Section 23.1 in Matter and Interactions (4th edition)
Changing Electric Fields
We have spent the last two weeks talking about what happens when you have a changing magnetic field. We found that this changing magnetic field creates a curly electric field. A changing magnetic field then became another source of electric fields. You may then be wondering what happens if you have a changing electric field? We have already seen through Faraday's Law that electric and magnetic fields are related, so how do we account for a changing electric field? Perhaps unsurprisingly, a changing electric field is another source of curly magnetic fields. These notes will talk about how we amend Ampere's Law to account for a changing electric field.
Extra Term to Ampere's Law
From Faraday's Law, we learned that a changing magnetic field creates a curly electric field. As a similar parallel, we are now saying that a changing electric field (with time) creates a curly magnetic field. Conveniently, we already have an equation that describes a curly magnetic field: Ampere's Law. $$\int \vec{B} \bullet d\vec{l} = \mu_0 I_{enc}$$ If you remember from a couple of weeks before, Ampere's law says that a current (the $I_{enc}$ part) will create a curly magnetic field ( the $\int \vec{B} \bullet d\vec{l}$ part). Rather than create a new equation to describe the curly magnetic field from a changing electric field, we instead just add on a term to Ampere's Law: $$\int \vec{B} \bullet d\vec{l} = \mu_0 I_{enc}+\mu_0\epsilon_0\frac{d\Phi_E}{dt}$$ where $\mu_0$ is the same constant that we have been dealing with from the last few weeks ($\mu_0 = 4\pi\cdot 10^{7} \frac{Tm}{A}$), $\epsilon_0$ is the same constant from the first few weeks of the semster ($\epsilon_0=8.85\cdot 10^{12}\frac{C^2}{Nm^2}$), and $\frac{d\Phi_E}{dt}$ is the change in electric flux (through the Amperian Loop).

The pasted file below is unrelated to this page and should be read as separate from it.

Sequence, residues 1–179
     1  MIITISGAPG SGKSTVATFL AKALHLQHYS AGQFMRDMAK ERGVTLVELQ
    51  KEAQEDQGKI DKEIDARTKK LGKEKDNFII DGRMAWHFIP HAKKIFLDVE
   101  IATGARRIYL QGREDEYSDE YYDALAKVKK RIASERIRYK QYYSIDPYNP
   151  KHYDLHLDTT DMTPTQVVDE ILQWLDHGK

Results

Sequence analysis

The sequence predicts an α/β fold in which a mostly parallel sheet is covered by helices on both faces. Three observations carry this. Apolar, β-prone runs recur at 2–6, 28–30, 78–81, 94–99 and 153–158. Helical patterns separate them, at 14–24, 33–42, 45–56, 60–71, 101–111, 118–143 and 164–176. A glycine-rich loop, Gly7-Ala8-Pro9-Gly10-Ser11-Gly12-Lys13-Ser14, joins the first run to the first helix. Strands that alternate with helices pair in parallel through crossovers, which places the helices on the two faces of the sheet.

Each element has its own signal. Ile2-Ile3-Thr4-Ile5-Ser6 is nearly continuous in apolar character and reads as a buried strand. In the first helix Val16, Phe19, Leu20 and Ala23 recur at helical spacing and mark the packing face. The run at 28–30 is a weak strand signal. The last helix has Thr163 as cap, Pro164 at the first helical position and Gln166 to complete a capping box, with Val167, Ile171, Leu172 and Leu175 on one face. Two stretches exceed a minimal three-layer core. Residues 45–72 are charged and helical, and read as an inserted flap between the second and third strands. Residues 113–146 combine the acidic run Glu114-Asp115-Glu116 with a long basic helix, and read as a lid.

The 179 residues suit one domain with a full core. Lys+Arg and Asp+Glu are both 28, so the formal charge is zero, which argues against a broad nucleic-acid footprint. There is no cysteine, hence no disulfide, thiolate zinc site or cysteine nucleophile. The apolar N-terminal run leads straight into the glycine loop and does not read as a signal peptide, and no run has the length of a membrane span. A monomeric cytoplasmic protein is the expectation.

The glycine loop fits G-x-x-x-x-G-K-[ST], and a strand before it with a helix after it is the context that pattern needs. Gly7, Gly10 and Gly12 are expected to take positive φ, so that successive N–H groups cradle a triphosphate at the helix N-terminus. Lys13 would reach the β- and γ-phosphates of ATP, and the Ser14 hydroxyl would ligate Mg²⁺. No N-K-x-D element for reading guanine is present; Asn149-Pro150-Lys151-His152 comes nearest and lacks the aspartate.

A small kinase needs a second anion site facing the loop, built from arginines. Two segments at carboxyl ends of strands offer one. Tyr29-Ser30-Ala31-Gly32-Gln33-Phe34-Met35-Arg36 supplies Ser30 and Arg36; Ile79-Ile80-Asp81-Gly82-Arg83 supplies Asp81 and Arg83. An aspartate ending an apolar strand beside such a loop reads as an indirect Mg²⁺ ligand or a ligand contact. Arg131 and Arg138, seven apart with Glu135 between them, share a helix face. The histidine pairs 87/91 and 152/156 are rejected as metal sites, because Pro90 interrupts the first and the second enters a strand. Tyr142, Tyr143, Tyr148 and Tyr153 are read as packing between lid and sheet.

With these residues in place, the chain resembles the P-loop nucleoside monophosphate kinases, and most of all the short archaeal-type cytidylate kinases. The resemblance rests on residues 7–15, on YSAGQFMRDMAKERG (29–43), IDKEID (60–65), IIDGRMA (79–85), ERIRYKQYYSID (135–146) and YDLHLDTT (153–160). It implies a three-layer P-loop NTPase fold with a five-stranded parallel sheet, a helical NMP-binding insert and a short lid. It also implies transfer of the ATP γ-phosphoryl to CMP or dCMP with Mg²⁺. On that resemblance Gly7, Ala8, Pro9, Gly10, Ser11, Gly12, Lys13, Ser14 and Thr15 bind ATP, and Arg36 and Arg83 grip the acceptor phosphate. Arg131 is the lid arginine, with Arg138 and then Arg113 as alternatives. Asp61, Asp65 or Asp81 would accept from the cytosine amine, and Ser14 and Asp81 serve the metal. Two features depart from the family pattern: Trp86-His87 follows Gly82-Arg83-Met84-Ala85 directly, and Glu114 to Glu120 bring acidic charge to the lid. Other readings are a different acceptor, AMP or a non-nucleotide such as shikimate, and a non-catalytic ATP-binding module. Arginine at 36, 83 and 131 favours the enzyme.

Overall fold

This term that we added to Ampere's Law functions in much the same way as Faraday's law. If we can calculate the changing electric flux through a loop, then we can use that to find the magnetic field that curls around that loop. In the example below, we use a charging capacitor to illustrate how this can done; however, for the purposes of this class, we will primarily rely on this idea conceptually (rather than asking you to calculate the magnetic field from a changing electric flux).
Why this Matters
With this final piece of the puzzle, we can actually say something really important about how electric and magnetic fields work. If we assume that there are no currentcarrying wires nearby, then we have a set of two equations that say that:
A) a changing magnetic field creates an electric field $$\int \vec{E}\bullet d\vec{l}= \frac{d\Phi_B}{dt}$$ and B) a changing electric field creates a magnetic field $$\int \vec{B}\bullet d\vec{l}= \mu_0\epsilon_0\frac{d\Phi_E}{dt}$$
Notice that there are no charges or currents anywhere in these equations. This tells us that once an electric or magnetic field is created, the charge or moving charge does not have to be present for the fields to travel through space. A changing electric field can drive a magnetic field and vice versa.
This is actually the underlying principle behind how light is created and how it travels. When a charge oscillates, it creates both a changing electric field and a changing magnetic field. Those fields then continue to oscillate through space, even at great distances away from the charge that originally created it. The oscillating electric and magnetic fields are light. This is why you may have heard light referred to as “electromagnetic waves” or “electromagnetic radiation”. (Granted visible light is only one kind of electromagnetic radiation. Depending on the frequency, electromagnetic radiation could be anything from infrared to microwaves to gamma rays.)
There are whole courses that detail how these kinds of electric and magnetic field propagate through space and interact with materials (generally listed as some version of an optics course). For our class, we will simply end with this idea that electric fields and magnetic fields are strongly related to one another and can then be used to describe light.
Examples

 Video Example: Magnetic Field from a Charging Capacitor